[ Events ]

Community Association Law Day

In Lynnwood, WA

WSCAI People Holding a Seminar Banner

An Educational Event for Condos & HOAs

Saturday, April 27, 2019 from 8 a.m. to 3:30 p.m.
Benefiting WSCAI’s Legislative Action Committee

Law Day for Condos & HOAs

This is a single-day event held at the Lynnwood Convention Center. There will be several legal sessions taught by experienced attorneys who understand the laws that affect Condominiums and HOAs in Washington State. All registrants will be provided continental breakfast and a buffet lunch. A silent auction will be held throughout the day and the winners will be announced during the afternoon reception. The event includes 30 industry-related exhibitors. Net proceeds benefit WSCAI’s Legislative Action Committee (LAC). You can read more about CAI and our chapter’s advocacy efforts here.


When & Where

Saturday, April 27
8 a.m. – 3:30 p.m.

Lynnwood Convention Center
3711 196th St SW,
Lynnwood, WA 98036


WSCAI Member Pricing

(Per Person)
$65 thru 4/5
$75 thru 4/19
$85 thru 4/25
$95 at the door

*Registration includes continental breakfast, seminars, lunch, trade show and reception.


Non-Member Pricing

(Per Person)
$89 thru 4/5
$99 thru 4/19
$109 thru 4/25
$119 at the door

*Registration includes continental breakfast, seminars, lunch, trade show and reception.

Support The LAC

Your contribution is critical in helping WSCAI’s Legislative Action Committee (LAC) fulfill their advocacy mission!

Thank You To:

Program Sponsor

Program Sponsor

Community Association Law Day Schedule

[8:00 a.m.]
Registration / Exhibit Hall / Continental Breakfast / Silent Auction Opens
[8:45 – 10:00 a.m.]  Concurrent Sessions (Select One)
[1A] Why you need to read & understand every provision of every contract you sign

Presented by:
Ken Harer, CCAL

We regularly have clients wanting to break off a relationship with a vendor, where the association (or their manager) signed a contract without reading or negotiating any of the contract provisions. Frequently the ability to terminate the contract is very limited. Other clients will come in complaining because what they thought they were buying is not what they received (usually construction and service contracts). We will discuss types of contracts and what to look for so that you and the vendor have common expectations, and so you can exit a relationship when you need to. Appropriate for all community types.

Types of contracts to discuss:
  • Management contracts
  • Cable TV contracts
  • Consulting contracts
  • Elevator Maintenance contracts
  • Service contracts (landscaping or cleaning)
  • Construction or repair contracts.
Biggest issues to watch for:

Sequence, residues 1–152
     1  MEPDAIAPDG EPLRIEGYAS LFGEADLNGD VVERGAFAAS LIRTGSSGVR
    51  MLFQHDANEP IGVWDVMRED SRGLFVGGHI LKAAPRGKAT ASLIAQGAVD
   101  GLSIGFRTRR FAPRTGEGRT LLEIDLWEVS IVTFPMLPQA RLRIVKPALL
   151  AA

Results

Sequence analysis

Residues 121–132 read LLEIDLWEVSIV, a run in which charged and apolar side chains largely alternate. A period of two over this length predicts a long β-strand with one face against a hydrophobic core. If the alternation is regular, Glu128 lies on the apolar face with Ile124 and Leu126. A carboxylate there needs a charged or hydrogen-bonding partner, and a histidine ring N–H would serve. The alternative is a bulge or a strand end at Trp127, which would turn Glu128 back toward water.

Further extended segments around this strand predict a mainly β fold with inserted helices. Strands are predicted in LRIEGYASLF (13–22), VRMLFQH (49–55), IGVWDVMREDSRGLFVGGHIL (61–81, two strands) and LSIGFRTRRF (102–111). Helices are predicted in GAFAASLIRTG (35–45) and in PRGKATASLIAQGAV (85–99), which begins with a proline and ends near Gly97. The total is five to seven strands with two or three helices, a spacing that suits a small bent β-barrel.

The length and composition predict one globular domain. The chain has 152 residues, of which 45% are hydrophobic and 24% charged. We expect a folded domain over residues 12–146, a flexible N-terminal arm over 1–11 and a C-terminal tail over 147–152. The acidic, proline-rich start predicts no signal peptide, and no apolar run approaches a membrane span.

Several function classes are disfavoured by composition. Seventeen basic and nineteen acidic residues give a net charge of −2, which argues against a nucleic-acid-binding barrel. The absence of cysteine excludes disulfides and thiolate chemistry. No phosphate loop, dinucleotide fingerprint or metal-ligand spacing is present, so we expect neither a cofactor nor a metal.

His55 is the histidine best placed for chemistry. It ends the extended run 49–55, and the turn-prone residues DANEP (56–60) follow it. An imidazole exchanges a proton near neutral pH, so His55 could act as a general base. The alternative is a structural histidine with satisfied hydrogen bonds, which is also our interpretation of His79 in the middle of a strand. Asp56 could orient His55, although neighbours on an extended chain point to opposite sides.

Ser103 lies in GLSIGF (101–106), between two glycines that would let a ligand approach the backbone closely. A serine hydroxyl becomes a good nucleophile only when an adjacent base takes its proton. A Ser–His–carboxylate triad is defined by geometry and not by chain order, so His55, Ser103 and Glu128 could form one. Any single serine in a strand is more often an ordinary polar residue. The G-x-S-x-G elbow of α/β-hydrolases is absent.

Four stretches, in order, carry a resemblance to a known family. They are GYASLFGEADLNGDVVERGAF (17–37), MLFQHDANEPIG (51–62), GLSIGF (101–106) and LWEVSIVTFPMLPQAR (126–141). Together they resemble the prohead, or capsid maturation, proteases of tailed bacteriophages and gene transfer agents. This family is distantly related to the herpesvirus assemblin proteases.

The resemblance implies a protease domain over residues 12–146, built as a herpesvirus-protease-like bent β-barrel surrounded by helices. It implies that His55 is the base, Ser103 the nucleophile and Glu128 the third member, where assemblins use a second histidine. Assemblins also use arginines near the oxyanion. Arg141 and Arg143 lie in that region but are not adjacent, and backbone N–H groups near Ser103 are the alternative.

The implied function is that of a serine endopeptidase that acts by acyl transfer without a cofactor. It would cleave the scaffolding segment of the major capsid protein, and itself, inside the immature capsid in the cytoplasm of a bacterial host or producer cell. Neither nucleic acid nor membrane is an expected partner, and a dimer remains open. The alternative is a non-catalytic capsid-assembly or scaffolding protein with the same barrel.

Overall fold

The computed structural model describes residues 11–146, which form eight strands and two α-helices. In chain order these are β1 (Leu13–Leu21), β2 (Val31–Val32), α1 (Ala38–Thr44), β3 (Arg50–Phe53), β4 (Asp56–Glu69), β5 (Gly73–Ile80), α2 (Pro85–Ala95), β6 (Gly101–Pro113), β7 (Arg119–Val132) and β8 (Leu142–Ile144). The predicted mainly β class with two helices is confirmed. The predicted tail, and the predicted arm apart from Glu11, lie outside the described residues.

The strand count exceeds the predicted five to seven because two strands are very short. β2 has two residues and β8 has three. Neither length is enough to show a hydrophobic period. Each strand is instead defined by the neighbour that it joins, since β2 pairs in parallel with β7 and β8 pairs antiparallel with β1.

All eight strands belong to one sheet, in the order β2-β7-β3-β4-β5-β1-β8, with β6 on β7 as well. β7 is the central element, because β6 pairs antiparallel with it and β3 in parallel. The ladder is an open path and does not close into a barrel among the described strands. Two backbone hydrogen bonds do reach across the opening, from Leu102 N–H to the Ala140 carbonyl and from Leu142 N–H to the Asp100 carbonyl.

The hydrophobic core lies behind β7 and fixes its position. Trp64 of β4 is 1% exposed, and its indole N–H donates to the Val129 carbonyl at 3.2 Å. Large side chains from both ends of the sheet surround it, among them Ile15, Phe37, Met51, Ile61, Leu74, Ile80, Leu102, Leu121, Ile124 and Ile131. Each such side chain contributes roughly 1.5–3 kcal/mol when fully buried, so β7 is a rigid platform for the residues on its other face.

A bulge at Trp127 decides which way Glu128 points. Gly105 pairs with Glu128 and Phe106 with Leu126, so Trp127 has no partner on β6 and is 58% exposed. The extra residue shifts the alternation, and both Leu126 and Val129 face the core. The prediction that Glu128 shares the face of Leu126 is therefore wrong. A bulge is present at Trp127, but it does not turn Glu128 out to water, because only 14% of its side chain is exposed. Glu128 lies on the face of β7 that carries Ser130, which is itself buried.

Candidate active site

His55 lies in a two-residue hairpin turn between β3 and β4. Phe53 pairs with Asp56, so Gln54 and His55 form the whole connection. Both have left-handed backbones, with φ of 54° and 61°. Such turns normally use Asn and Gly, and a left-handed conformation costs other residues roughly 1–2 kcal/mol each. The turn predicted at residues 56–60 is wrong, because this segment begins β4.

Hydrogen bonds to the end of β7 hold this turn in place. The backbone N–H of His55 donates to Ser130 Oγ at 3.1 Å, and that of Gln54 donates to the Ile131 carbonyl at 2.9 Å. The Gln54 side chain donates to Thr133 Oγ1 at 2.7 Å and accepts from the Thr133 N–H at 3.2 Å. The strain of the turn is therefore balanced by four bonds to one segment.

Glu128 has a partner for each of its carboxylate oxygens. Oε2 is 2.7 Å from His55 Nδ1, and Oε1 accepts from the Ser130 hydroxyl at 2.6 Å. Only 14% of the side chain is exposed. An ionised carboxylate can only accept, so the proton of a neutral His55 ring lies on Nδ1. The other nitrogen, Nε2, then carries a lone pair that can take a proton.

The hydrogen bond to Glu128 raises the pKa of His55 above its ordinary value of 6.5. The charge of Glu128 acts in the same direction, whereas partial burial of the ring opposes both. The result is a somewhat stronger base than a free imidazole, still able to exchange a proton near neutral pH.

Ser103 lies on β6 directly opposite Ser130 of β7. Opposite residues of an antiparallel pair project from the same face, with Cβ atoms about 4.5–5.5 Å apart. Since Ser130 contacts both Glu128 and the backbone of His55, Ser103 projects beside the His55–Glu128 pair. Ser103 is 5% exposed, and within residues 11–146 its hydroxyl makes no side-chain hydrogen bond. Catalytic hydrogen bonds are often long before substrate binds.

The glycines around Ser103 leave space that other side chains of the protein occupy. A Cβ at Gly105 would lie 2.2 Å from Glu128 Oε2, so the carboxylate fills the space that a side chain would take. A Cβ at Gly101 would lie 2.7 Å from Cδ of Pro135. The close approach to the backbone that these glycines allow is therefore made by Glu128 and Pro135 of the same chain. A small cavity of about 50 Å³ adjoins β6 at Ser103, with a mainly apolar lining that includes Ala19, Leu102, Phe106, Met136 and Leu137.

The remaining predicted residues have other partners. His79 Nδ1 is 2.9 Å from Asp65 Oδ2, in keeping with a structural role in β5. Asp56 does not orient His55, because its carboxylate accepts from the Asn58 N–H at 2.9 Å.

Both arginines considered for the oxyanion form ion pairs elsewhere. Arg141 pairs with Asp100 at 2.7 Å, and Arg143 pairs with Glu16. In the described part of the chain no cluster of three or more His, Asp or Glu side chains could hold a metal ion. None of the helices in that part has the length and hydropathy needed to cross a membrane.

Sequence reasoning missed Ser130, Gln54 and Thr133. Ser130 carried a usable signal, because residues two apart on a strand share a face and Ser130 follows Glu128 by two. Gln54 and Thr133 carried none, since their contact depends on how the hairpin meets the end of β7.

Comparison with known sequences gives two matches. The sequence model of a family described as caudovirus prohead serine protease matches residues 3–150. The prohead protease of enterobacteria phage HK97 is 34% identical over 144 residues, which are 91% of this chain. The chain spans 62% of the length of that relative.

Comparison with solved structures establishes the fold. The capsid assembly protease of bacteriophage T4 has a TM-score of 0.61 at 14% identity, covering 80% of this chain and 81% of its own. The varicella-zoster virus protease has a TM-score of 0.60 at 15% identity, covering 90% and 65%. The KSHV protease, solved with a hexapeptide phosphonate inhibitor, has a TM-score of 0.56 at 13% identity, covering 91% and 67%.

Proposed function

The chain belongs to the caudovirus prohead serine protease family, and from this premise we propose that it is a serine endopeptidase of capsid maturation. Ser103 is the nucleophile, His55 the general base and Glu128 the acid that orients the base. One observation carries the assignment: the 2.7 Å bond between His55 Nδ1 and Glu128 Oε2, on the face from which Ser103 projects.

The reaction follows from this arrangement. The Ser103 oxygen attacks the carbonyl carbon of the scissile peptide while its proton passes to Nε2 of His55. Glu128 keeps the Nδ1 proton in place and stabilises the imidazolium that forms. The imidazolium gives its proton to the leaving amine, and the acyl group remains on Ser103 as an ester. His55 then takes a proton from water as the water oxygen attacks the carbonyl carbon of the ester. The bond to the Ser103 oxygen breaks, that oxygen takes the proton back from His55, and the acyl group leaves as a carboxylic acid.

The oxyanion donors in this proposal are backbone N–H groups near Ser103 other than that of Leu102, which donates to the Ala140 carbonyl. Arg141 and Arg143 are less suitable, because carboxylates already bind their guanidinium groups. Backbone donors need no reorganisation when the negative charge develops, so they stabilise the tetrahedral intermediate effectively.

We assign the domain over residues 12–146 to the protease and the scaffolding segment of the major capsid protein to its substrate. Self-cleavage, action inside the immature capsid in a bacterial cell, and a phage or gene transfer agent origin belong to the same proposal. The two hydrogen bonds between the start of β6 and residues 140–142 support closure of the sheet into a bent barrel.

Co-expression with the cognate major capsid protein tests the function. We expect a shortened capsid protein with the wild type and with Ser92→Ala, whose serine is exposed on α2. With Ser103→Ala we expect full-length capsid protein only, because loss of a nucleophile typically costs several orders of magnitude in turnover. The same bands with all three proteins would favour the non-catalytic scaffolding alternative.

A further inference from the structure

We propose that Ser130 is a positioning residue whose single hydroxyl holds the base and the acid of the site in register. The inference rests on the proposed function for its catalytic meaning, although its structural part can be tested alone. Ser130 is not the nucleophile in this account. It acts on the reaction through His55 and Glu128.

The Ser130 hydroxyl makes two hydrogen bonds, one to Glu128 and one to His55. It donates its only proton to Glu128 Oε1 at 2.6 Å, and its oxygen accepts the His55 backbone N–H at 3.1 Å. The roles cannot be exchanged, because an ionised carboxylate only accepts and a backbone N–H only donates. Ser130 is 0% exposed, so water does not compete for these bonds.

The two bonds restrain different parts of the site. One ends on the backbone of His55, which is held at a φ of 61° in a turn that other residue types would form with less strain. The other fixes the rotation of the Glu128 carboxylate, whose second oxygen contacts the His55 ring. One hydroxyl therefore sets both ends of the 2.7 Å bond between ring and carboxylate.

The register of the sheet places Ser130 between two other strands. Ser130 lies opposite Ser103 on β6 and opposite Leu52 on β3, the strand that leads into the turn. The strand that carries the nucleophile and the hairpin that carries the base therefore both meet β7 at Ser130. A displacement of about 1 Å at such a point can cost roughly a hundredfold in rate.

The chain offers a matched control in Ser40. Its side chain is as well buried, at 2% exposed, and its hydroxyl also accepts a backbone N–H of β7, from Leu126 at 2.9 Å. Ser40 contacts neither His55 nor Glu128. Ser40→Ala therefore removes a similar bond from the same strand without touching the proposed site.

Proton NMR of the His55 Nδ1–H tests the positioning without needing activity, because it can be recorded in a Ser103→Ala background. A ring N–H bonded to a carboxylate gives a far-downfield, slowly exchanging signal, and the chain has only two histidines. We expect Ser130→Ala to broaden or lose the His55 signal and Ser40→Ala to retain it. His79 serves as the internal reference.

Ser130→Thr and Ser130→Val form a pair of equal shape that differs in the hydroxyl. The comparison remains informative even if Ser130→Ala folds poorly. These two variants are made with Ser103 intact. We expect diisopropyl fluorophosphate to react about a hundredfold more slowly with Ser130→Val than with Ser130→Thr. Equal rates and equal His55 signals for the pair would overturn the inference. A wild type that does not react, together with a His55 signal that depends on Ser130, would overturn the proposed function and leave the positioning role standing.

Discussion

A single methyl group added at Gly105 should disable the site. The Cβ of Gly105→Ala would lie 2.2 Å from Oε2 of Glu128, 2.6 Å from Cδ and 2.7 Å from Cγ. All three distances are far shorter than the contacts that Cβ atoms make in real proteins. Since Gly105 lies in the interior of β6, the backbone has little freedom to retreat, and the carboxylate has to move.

• Automatic renewal of contract terms
  • Long contract terms (5 or more years)
  • Release of all liability claims against a professional
  • Termination provisions – Notice, fees and performance
  • Contracting for services that you may not need or want.
  • Requiring prepayment for services
  • Insurance requirements for client and vendor
  • Dispute resolution provisions.
  • Vague or no specifications about work to be performed.
[2A] Hot water heaters, toilets and other sad stories of water damage between units: who’s responsible for the deductible & losses not covered by the master policy?

Presented by:
Anthony L. (“Tony”) Rafel, Esq.
Brett Nebeker

Warning: this will not be another “dry” lawyer presentation; it will be all about wetness – that is, water events occurring between units in condominiums, and who bears the responsibility for repair costs not covered by the association’s master policy of insurance. This subject continues to bedevil boards, managers, unit owners and, yes, attorneys and insurance brokers alike. Nevertheless, attorney Tony Rafel and insurance broker Brett Nebeker will boldly wade into it and try to provide some clarity and guidance. What does it mean to say that the association’s policy is primary? How do standard declaration provisions allocate uncovered losses between owners and the association? Must the declaration be amended to alter the “default” and if so, what language should be used? Are there losses that are not covered at all under the master policy and, if so, who pays in those cases? And are unit owners covered under their individual HO-6 policies if the master policy deductible is assessed against them? If your brain hurts every time these issues arise in your community, this may be the presentation for you!